Thursday, September 06, 2018

That’s a Wrap for Reynolds

This sad news comes from The Hollywood Reporter:
Burt Reynolds, the charismatic star of such films as Deliverance, The Longest Yard and Smokey and the Bandit who set out to have as much fun as possible on and off the screen—and wildly succeeded—has died. He was 82.

Reynolds, who received an Oscar nomination when he portrayed porn director Jack Horner in Paul Thomas Anderson’s
Boogie Nights (1997) and was the No. 1 box-office attraction for a five-year stretch starting in the late 1970s, died Thursday morning at Jupiter Medical Center in Florida, his manager, Erik Kritzer, told The Hollywood Reporter.

Always with a wink, Reynolds shined in many action films (often doing his own stunts) and in such romantic comedies as
Starting Over (1979) opposite Jill Clayburgh and Candice Bergen; The Best Little Whorehouse in Texas (1982) with Dolly Parton; Best Friends (1982) with Goldie Hawn; and, quite aptly, The Man Who Loved Women (1983) with Julie Andrews.
Reynolds’ on-screen crime-fiction credentials were also solid. Following guest roles on early TV series such as M Squad, Michael Shayne, and Perry Mason, he starred in the short-lived, 1966 ABC-TV series Hawk, cast as “a full-blooded Iroquois working the streets of New York City as a special detective for the city’s District Attorney’s office,” to quote from Wikipedia. Four years later, he had slightly more success as the eponymous star of Dan August (1970-1971), playing a California police homicide detective. Not until 1989 did he again sign on for a small-screen crime drama, this time in the role of a Palm Beach, Florida, private eye in B.L. Stryker (1989-1990), one of three shows broadcast under the banner of The ABC Mystery Movie.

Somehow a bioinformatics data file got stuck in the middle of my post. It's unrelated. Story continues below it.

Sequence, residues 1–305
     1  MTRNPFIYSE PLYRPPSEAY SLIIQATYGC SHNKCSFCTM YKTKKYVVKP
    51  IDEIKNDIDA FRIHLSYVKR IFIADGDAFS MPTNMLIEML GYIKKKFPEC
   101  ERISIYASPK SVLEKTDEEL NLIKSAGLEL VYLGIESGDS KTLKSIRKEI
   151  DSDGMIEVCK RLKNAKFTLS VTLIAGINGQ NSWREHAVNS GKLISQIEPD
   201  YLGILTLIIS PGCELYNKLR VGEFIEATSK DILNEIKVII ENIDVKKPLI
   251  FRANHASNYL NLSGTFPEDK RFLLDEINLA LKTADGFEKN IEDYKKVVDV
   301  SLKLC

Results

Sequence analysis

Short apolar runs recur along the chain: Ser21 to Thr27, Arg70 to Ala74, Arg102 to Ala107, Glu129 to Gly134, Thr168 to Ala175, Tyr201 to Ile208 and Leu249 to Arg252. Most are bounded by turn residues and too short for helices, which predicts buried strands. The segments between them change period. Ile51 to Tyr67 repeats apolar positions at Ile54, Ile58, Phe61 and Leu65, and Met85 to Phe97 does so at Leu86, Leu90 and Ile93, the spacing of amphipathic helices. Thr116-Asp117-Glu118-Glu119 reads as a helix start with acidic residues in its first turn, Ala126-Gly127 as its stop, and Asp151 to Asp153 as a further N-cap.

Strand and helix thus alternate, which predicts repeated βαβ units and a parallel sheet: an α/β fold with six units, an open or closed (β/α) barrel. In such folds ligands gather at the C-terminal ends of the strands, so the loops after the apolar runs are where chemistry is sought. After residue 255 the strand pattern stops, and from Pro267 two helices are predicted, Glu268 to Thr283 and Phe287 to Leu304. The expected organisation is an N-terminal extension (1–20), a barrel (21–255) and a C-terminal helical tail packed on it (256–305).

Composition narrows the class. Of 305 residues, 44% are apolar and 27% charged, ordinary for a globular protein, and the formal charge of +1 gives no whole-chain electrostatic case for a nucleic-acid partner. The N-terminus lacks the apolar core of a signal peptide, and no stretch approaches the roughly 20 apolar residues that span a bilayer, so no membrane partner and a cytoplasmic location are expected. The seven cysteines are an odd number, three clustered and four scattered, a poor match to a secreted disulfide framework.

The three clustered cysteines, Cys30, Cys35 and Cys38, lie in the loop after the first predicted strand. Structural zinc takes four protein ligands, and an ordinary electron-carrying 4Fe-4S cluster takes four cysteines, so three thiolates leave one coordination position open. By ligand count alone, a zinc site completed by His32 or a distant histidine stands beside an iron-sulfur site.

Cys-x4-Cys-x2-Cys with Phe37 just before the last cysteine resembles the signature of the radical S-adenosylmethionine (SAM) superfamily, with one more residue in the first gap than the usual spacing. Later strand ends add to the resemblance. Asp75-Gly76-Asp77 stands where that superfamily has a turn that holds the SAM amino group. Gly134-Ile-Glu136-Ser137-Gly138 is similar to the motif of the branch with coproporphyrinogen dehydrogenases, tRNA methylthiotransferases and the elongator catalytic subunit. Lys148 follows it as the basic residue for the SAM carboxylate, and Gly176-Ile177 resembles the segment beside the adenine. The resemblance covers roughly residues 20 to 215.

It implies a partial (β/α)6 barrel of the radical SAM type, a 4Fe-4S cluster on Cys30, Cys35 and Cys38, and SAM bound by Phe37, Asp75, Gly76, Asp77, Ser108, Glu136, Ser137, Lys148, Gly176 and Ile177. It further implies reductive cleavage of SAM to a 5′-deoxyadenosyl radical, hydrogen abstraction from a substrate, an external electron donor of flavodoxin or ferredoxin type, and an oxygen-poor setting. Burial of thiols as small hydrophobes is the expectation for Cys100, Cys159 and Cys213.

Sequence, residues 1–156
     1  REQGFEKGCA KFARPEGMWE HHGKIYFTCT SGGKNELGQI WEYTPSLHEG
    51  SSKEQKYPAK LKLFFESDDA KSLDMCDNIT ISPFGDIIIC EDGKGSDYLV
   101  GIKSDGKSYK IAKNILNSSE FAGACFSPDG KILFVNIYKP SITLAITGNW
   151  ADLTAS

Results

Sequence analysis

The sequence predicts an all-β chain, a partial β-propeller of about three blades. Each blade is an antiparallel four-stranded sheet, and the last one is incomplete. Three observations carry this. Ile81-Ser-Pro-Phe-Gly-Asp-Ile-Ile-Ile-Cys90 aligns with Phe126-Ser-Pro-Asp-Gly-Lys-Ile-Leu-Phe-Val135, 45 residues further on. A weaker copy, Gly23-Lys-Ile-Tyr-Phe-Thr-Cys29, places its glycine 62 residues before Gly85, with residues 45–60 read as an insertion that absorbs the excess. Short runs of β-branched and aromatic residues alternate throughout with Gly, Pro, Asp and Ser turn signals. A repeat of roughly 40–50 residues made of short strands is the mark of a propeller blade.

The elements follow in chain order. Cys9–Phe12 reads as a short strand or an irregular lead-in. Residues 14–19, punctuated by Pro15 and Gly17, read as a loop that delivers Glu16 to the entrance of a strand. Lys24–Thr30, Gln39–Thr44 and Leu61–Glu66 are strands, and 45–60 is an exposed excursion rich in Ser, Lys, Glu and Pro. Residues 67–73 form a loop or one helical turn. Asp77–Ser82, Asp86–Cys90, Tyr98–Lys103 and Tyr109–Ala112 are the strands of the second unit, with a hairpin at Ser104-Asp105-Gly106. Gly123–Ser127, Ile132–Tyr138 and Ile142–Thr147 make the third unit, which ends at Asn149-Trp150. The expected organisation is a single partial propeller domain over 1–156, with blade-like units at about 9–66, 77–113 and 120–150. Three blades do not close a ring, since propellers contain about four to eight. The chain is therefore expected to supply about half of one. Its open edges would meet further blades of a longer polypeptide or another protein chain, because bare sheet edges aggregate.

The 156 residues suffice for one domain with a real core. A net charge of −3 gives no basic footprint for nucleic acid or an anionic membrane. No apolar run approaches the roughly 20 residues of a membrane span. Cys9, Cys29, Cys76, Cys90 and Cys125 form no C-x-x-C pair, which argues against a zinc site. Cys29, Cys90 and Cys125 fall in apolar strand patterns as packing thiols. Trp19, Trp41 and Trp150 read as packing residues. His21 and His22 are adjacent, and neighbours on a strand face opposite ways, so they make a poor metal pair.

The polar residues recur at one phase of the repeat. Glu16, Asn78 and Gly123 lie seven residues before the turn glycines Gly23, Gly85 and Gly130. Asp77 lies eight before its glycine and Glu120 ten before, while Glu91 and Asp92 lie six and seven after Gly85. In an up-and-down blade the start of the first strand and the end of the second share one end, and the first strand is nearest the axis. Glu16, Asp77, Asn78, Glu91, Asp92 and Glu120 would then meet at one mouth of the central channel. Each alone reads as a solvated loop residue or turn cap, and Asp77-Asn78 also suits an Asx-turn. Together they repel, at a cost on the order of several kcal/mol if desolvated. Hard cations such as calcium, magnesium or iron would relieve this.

In the way of crime and thriller films, Reynolds is destined to be remembered not only for Deliverance, but for his roles in 1972’s Fuzz, 1973’s Shamus (in which he played pool hustler-turned-New York private eye Shamus McCoy), 1975’s Lucky Lady and Hustle, 1981’s Sharky’s Machine, 1985’s Stick, 1986’s Heat, 1987’s Malone, and 1996’s Striptease, among others. The Spy Command notes this morning that “In the ’70s, Reynolds’ name came up as a possible James Bond. Director Guy Hamilton was keen on the idea after seeing the actor on television. But nothing came of it.”

The Internet Movie Database offers a long list of Reynolds’ credits.

READ MORE:Burt Reynolds, Self-Mocking Hollywood Heartthrob, Dies at 82,” by Ralph Blumenthal (The New York Times); “Burt Reynolds, Swaggering Star Actor, Has Died at 82,” by Bob Mondello (NPR); “Appreciation: So Long, Bandit. They Just Don’t Make ’Em Like Burt Reynolds Anymore,” by Chris Erskine (Los Angeles Times); “Six Performances That Explain Burt Reynolds” (Vox); “The Late Great Burt Reynolds,” by Terence Towles Canote (A Shroud of Thoughts).

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